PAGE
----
Vectors and Public Health Pests
According to the World Health Organization, "Vectors are living organisms that transmit infectious diseases between humans or from animal to human." The most common and impactful vectors for humans are mosquitos and ticks. Public health pests are organisms that are a nuisance to the general public, but do not transmit disease. The most common publich health pest is the bedbug though recent research has shown that they may have the ability to transmit disease. Environmental health professionals are instrumental in helping individuals, institutions, and communities reduce vectors and public health pests. One of the most effective strategies to reduce vectors and public health pest is integrated pest managment (IPM) practices. IPM is a multifaceted, environmentally friendly, and common sense approach to managing pests: do not attract them, keep them out, and eliminate them using the safest and most effective methods (CDC, EPA).
NEW! Vectors of the United States Map and Informational Hub
NEHA has developed an interactive and educational resource that provides general vector and public health pest information. This easy-to-use, all-encompassing resource provides comprehensive and reliable information about where vectors are known to be found throughout the country, surveillance and control methods, as well as vector-borne diseases.
Visitors can expand their knowledge and understanding of this important field of study and can use the information to improve policies, programs, and public health. Information includes:
- Vectors and where they are known to be found in the country
- Surveillance and control methods
- Vector-borne diseases and information about those diseases
Vectors of the United States will be frequently updated with information and resources. Visitors can expand their knowledge and understanding of this all-important area of study and can use the information to improve policies, programs, and public health.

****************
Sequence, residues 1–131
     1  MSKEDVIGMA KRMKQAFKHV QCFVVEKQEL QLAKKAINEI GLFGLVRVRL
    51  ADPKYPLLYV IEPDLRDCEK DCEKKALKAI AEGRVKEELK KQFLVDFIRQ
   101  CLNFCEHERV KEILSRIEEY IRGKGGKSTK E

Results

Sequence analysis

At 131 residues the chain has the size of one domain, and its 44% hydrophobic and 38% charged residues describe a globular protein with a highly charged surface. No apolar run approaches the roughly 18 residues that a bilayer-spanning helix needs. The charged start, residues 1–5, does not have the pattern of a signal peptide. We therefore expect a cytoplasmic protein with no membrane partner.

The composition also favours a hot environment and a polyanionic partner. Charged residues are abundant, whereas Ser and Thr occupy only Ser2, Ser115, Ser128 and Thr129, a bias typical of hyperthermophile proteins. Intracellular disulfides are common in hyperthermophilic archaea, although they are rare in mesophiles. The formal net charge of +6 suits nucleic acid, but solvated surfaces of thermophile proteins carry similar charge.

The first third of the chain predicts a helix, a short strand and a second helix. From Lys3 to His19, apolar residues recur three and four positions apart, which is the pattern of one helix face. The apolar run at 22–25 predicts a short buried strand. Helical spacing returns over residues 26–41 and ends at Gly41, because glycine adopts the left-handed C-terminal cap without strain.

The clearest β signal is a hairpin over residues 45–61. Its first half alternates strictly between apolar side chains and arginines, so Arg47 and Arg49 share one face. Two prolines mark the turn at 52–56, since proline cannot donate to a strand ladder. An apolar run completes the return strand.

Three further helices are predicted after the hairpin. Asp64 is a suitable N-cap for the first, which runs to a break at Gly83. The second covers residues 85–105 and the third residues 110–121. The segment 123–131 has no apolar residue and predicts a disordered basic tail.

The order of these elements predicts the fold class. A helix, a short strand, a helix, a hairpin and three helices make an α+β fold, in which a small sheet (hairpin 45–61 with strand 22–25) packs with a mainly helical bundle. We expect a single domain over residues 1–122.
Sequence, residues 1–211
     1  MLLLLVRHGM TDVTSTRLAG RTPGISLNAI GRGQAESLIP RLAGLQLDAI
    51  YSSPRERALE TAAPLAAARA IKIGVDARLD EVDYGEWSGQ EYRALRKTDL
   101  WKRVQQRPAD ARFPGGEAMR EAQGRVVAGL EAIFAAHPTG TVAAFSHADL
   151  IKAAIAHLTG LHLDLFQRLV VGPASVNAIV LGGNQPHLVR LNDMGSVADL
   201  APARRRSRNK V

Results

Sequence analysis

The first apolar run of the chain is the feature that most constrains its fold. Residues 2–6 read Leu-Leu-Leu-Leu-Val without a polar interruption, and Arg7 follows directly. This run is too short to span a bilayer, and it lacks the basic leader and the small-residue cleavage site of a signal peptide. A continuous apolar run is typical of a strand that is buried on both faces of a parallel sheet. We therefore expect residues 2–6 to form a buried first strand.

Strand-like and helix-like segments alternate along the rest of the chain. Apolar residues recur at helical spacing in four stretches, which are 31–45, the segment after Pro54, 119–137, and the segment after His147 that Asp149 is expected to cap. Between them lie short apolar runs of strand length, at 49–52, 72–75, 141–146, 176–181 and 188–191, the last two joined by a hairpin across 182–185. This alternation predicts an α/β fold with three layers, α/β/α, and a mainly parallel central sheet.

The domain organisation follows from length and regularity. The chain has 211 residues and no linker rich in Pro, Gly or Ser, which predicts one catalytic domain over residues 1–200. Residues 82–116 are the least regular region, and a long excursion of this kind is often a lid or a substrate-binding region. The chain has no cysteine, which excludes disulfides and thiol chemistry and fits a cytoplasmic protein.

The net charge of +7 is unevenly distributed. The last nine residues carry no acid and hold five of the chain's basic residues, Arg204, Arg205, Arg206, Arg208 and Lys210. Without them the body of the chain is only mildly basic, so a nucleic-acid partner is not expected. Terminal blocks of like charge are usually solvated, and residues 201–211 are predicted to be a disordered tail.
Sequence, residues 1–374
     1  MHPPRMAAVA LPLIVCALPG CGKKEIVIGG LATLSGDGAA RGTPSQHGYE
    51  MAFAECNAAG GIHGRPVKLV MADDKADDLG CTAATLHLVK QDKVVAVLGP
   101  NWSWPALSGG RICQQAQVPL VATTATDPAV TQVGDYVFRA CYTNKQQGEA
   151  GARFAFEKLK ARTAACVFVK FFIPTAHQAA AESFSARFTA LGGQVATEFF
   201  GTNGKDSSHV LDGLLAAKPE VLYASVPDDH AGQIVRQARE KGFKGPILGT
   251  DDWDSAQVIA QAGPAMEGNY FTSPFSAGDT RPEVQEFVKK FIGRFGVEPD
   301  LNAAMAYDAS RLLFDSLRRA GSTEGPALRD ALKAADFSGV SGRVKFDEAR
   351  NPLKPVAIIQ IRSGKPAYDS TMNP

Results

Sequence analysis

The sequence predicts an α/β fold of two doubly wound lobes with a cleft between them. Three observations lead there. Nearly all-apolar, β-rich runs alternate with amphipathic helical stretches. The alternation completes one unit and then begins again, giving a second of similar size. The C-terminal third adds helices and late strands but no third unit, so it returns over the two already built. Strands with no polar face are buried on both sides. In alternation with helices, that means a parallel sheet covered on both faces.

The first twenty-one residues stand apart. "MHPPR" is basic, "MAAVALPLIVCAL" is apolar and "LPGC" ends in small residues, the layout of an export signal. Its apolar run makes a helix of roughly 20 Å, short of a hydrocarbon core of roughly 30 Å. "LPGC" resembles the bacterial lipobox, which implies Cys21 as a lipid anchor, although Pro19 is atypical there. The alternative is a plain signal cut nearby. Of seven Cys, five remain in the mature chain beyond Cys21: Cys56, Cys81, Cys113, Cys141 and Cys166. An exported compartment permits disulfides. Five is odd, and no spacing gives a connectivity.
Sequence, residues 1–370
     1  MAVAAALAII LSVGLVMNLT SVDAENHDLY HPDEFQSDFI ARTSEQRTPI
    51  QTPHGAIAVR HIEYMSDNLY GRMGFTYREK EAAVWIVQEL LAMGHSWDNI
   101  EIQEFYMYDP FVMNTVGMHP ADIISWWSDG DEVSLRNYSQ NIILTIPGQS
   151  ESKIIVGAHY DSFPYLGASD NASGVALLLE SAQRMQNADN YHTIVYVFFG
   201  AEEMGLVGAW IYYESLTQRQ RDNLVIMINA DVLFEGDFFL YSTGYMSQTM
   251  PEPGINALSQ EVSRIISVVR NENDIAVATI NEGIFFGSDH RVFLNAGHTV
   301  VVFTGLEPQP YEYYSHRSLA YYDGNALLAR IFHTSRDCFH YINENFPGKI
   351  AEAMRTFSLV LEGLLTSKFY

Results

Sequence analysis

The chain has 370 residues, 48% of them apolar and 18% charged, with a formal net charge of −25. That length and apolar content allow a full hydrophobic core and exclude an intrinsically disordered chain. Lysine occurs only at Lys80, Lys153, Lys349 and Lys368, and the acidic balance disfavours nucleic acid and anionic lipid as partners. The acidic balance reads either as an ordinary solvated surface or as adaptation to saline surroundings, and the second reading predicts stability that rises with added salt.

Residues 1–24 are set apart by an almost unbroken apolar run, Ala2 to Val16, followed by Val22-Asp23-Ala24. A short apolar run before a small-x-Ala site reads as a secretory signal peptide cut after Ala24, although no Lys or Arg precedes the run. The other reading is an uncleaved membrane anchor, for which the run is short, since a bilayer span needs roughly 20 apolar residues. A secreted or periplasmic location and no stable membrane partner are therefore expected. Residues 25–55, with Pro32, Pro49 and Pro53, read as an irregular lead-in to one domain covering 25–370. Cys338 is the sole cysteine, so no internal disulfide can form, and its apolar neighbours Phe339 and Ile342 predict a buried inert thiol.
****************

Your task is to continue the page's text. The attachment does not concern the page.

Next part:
NEHA Online Educational Opportunities
Enhancing Environmental Health (EEK): Vectors and Public Health Pests Virtual Conference
Enhancing Environmental Health (EEK): Vectors and Public Health Pests Virtual Conference is designed to enhance the knowledge of EH professionals in order to help them better prepare to respond to environmental events of public health concern as well as to bring professionals together in a unique virtual environment to exchange information and discover new solutions to issues in vectors and public health pests. PDF's of presentation slides from the virtual conference are still available. Access them here.
Vector Control for Environmental Health Professionals Online Course
NEHA worked with CDC, the National Network of Public Health Institutes, Texas Health Institute, Tulane University, and renowned subject-matter experts to update and expand this training. The new expanded training – Vector Control for Environmental Health Professionals – is housed on Tulane University’s Learning Management System and is preapproved for NEHA continuing education credits. Find out more or register to take the course here: http://lms.southcentralpartnership.org/vcehp.php
School Integrated Pest Management (IPM) Program
NEHA has a cooperative agreement with EPA to facilitate the use of integrated pest management (IPM) in schools. IPM focuses on pest prevention and pesticide use only as needed with inspections, monitoring, and reports (EPA). This project promotes effective and environmentally sensitive pest management practices in schools through a mentorship program between school districts and local health departments. The School IPM Mentorship Program objective is for IPM practices to be understandable and accessible for rural and underserved school districts to help build cooperation, partnership, and awareness of IPM. If you are interested in learning more about this program, please contact Vanessa DeArman, Project Coordinator at email@example.com.
Emerging Issues in Vectors and Public Health Pests
CDC Releases New Resources for Tickborne Rickettsial Disease
CDC has released new guidelines around the diagnoses and management of tickborne disease. CDC’s Tickborne Diseases App is available for download for immediate access concise, comprehensive, and updated information about the prevention, identification, and treatment of tickborne diseases.
The Zika Virus was first identified in 1947, but is now having a major impact on public health. To learn more about the Zika Virus and what what EH professionals can do to prepare for it, click here.
New species of Lyme Disease-causing bacteria discovered, learn more about B. mayonii.